: nap in the afternoon, linger over supper until bedtime, sit the terrace with wine, hang out with lazy cats. Stop for a coffee or gelato or limoncello every time you go out. Wait for your purchases to be wrapped in paper, with slow, thoughtful precision.
: close-up, intimate views in church if St. Zeno, Verona... crumbling, overlaid images, delicate colors. Exterior walls on upper floors covered with painted fragments all over Verona. Most remarkable: those by Giotto in the Scrovegni Chapel,
Padua. Limited time inside, no photos=extremely focused observation. Being very present. Faces as real in their emotional expression as any in our lives. Below, one of the S. Zeno frescoes.
: ancient/modern,..old walls butting up against shiny glass and metal of expensive, trendy shops. Commerce and sacred antiquity co-existing.
: narrow, dark calles (alleyways), vast sunlit plazas, water lapping at the bases of ancient walls, intricate marble work, ornate facades, a story behind every building and statue. Thinking of Turner's paintings. Signs for Biennale (closed the day we were there.) Shops selling masks and costumes for Carnival, gondoliers punting self-conscious looking tourists around. Peggy Guggenheim Collection and exhibit of Charles Pollock (Jackson's brother--who knew??) Crowded water buses, crowded streets, crowded cafes. Then suddenly a quiet corner, a dark tunnel, a sweet, nearly empty little plaza.
: everywhere I went, a paradise of subdued earthy colors, blues, greens, roses and ochres. Unexpected pink and orange painted buildings. Weathered layers revealing shades of similar hues. A particular bluish green on the shutters of a building in Venice, against a mellow white wall.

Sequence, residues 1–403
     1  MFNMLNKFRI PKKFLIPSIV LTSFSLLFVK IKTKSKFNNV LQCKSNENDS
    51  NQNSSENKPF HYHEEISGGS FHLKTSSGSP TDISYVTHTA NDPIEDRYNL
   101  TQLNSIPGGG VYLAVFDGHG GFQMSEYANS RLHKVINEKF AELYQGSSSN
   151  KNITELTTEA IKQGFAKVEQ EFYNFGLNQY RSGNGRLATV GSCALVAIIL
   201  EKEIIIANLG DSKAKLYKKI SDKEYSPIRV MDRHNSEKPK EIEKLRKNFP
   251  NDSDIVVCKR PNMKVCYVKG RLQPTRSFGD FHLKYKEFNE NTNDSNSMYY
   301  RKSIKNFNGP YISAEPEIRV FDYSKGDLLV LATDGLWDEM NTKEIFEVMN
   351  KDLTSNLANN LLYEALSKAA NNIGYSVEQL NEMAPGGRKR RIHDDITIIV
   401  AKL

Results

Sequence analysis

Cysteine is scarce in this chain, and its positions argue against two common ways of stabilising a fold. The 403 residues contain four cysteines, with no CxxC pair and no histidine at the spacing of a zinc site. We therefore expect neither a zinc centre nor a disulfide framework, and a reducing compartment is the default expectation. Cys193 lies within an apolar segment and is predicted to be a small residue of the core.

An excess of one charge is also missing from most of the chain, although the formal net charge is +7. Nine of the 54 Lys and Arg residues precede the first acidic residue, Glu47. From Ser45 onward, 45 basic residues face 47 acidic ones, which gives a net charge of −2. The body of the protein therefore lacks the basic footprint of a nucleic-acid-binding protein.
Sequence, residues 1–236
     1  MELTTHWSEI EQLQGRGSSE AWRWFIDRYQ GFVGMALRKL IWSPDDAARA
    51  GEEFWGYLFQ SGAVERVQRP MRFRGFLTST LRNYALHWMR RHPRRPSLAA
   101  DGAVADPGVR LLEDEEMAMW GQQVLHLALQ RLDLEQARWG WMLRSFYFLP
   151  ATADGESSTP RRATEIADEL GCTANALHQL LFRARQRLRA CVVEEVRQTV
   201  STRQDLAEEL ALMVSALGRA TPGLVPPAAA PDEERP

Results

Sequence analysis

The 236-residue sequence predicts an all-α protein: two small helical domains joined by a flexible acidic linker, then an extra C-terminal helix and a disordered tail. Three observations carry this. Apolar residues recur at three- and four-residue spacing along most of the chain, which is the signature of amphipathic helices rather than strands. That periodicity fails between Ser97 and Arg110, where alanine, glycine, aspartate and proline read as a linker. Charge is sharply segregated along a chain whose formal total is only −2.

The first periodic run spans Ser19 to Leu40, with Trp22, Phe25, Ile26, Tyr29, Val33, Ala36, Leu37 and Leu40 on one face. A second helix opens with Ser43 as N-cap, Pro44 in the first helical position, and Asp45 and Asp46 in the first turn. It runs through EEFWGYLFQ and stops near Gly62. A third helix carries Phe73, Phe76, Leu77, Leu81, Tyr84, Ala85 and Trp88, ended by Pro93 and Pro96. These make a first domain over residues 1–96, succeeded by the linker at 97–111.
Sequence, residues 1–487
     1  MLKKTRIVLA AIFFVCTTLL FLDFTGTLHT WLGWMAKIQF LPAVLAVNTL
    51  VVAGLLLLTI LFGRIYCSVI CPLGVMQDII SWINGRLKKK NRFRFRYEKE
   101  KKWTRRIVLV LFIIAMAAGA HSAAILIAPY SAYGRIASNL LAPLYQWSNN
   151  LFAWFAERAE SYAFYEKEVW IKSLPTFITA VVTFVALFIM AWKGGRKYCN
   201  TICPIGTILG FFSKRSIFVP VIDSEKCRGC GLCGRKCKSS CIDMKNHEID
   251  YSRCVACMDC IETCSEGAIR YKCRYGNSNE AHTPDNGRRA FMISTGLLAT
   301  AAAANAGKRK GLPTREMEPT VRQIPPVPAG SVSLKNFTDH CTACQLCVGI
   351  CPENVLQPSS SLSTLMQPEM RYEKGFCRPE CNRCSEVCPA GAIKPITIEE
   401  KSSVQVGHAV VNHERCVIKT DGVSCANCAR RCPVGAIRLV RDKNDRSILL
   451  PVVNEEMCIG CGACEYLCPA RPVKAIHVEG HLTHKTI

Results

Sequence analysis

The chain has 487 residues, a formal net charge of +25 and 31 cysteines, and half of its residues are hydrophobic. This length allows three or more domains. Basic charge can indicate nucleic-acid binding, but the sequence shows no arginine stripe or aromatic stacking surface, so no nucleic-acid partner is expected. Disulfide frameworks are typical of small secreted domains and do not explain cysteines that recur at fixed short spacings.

: lavender, basil, garlic, incense, bug spray, boxwood, rain, peaches.
Things that moved me to tears:
My beautiful solitary lunch the afternoon I arrived at the Cascina. Sweet words of praise for my teaching on our last night, and the departure of workshop friends. The view of the Grand Canal from the water bus in Venice (thinking of my mother's affection for Italy and her "Italian son," Roberto.) Stepping inside the Scrovegni Chapel. Hugging Roberto and Paola goodbye at the airport.
in northern italy
An olive tree outside my window, and the morning sun hitting red tiled rooftops on the opposite hillside. The scents of lavender and basil. Intricate brick work in a 17th century ceiling. A grey cat sprawled beneath an ancient wood ladder. Espresso, homemade bread, local cheese, and fresh juice made from watermelon, peach and lemon. Trees laden with pears, apples, figs, and elderberries. Church bells ringing in the village below.
It's morning at Cascina Rodiani
, the exquisite old inn just outside Como, in the Lombardia region of northern Italy, where I'm staying for 10 days and teaching two cold wax workshops. There are ten artists here for the class, from Italy, Switzerland, the UK, and the US. The group arriving next week is even more diverse, from seven countries including Australia, Sweden, Ireland, and Spain. We're working in a rustic, open-air atelier, where we are holding up well despite of the hot days.
This is my first time in Italy; I arrived here by bus on Wednesday straight from the airport in Milan. Aside from what I could see from the bus passing through the countryside, and the cities of Como and Chiasso, Switzerland (we are right on the border here) I saw very little until I arrived at the hotel. Although I have plans to visit with friends near Venice at the end of my stay, for now, the lovely grounds of this green hotel--its gardens, workshop, porches, ancient rooms and pathways, are my entire view of Italy.
As I've photographed the surroundings here, I'm reminded again that the essence of a place can be found in its details. Filtered through my personal perceptions, emotions, and experiences, the soul and spirit of particular places is what has guided my abstract painting ideas for years.
I am completely charmed by what I know of Italy so far through the textures and colors, the quality of light, and the poignant aspects of ancient objects I am seeing here at Cascina Rodiani.